Ticket to Paradise is a movie that will perfectly serve as a throwback about a divorced couple sabotaging their daughter’s wedding reminding us why these two phenomenal actors became stars in the first place.
The rom-com is written and directed by Ol Parker and Daniel Pipski, with an easy runtime of 1h,44m. Ticket to Paradise is a co-production between Working Title Films, Smokehouse Pictures, and Red Om Films.
Ticket to Paradise Starcast
The movie stars George Clooney as David Cotton, Julia Roberts as Georgia Cotton, Kaitlyn Dever as Lily Cotton, Billie Lourd as Wren Butler, Maxime Bouttier as Gede, and Lucas Bravo as Paul.
Georgia Cotton (Roberts), a high-powered gallery owner, and David Cotton (Clooney), a big-project architect, were married for five years, divorced two decades ago, and have lived apart ever since in mutual recrimination. They haven’t been able to avoid each other because they share a daughter, Lily (Kaitlyn Dever), who graduates from law school.
With a job awaiting her, Lily heads to a tropical resort in Bali for a vacation with her best friend. In a moment of panic during an open-sea swim, Lily sets her eyes on Gede (Maxime Bouttier), a young man from the island who works as a seaweed farmer and before we know it, it’s love at first sight.
Lily and Gede plan to marry quickly and decide to settle down in Bali, and Lily will give up her lawyerly job. When Lily tells her parents of this plan, they fly to Bali to attend the wedding but actually scheme to prevent it from happening. And get Lily back home, to work, and to live the life, she’d otherwise leave behind.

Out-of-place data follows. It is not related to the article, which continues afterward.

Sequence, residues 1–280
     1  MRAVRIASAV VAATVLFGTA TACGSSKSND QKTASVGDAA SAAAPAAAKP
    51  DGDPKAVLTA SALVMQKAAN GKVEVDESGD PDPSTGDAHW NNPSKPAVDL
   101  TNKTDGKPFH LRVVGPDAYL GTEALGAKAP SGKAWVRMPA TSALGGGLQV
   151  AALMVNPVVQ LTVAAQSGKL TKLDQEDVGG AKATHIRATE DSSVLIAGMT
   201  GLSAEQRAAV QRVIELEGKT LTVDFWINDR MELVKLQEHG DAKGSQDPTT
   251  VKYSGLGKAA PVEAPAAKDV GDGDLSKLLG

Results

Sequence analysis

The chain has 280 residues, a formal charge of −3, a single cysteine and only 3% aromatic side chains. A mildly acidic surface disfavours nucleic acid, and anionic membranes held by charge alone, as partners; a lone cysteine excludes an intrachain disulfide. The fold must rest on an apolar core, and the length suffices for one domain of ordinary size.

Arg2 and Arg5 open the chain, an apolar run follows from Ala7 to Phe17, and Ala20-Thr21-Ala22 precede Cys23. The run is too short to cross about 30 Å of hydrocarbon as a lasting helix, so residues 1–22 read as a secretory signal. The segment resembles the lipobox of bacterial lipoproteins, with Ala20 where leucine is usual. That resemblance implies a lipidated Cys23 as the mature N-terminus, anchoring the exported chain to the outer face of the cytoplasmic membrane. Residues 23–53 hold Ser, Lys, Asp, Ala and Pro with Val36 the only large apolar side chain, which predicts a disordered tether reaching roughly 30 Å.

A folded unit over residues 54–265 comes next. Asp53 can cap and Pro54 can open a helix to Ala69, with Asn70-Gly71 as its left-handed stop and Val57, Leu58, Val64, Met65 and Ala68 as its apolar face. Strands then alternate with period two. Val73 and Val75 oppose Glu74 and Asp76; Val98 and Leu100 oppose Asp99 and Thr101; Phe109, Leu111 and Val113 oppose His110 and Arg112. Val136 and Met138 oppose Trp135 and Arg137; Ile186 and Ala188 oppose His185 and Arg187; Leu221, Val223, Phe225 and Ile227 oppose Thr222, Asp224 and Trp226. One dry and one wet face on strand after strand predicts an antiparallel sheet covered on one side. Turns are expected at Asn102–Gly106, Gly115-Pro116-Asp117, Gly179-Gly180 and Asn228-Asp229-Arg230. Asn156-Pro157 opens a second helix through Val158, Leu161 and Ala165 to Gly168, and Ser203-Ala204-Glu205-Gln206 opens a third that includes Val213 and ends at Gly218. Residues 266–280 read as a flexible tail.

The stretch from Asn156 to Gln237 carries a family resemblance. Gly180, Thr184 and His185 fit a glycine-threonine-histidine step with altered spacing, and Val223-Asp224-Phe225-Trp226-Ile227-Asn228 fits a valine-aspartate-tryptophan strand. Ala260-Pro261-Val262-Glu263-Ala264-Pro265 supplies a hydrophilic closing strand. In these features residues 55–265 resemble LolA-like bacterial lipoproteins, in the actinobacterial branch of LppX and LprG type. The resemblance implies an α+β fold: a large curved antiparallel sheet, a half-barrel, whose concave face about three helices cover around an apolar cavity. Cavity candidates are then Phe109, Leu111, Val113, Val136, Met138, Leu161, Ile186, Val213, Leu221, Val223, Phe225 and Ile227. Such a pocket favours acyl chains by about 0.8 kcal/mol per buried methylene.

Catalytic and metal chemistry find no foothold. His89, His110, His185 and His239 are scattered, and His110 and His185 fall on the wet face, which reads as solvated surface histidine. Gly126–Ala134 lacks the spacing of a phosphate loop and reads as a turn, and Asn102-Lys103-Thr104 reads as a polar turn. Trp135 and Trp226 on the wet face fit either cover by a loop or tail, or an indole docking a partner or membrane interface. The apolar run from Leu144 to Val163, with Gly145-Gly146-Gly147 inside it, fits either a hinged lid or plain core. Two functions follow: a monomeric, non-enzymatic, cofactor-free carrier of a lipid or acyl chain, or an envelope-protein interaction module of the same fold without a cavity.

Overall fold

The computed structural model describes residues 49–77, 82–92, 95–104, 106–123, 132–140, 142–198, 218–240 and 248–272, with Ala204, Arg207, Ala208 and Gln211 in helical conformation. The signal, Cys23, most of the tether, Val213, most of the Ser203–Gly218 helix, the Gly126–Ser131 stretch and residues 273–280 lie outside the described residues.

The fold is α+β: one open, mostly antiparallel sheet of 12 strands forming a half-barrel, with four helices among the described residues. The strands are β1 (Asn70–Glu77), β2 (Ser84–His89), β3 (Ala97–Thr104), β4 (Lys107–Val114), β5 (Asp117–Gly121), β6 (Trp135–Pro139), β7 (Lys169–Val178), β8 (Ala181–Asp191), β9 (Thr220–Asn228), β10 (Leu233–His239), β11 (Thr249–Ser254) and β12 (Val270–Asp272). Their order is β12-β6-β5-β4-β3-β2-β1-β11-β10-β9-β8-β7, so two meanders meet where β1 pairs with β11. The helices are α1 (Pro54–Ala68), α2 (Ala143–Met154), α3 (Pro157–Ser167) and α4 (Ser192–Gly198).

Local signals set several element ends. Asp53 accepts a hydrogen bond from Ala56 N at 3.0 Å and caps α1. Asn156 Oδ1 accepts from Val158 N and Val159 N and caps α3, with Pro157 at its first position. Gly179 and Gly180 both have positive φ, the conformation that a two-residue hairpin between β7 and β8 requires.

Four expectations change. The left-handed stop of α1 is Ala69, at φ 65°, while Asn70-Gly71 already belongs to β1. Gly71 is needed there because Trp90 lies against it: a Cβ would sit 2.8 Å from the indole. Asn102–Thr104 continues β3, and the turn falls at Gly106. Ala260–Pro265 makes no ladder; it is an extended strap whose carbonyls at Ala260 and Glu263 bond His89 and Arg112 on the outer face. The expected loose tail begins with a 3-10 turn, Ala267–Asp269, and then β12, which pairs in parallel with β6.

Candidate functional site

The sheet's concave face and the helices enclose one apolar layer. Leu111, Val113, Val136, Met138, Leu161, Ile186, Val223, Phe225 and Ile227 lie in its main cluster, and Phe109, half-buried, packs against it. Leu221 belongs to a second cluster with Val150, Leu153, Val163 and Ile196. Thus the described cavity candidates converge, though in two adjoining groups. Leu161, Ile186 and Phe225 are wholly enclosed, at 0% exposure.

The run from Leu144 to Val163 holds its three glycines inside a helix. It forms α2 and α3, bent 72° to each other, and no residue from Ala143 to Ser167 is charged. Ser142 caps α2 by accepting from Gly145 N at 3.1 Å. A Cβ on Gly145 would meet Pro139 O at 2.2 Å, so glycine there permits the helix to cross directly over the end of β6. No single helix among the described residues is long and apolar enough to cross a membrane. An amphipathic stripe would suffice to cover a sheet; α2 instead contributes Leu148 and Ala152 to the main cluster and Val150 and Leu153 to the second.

If you fancy a lightweight and fun romcom, then this movie is definitely for you. Even with a much laid-back and at times predictable plot, there’s beauty in its simplicity. And of course, with a star cast pairing like this one, you know you are in the right hands.
Lily with sweetness and smarts and makes you believe she is the product of these two slightly damaged people. Bouttier, meanwhile, fits well as the Balinese local who is the object of Lily’s affection. He and his family portray local customs and attitudes without the movie using them for cheap comedic effect.
The scenery is beautiful, and time passes by and before you know it, you’re sucked into the story of squabbling adults realizing that maybe, just maybe their daughter has this whole romance thing figured out to a far greater degree than they can ever claim. Ticket to paradise is every bit of a superly charming and frothy romcom that we deserve.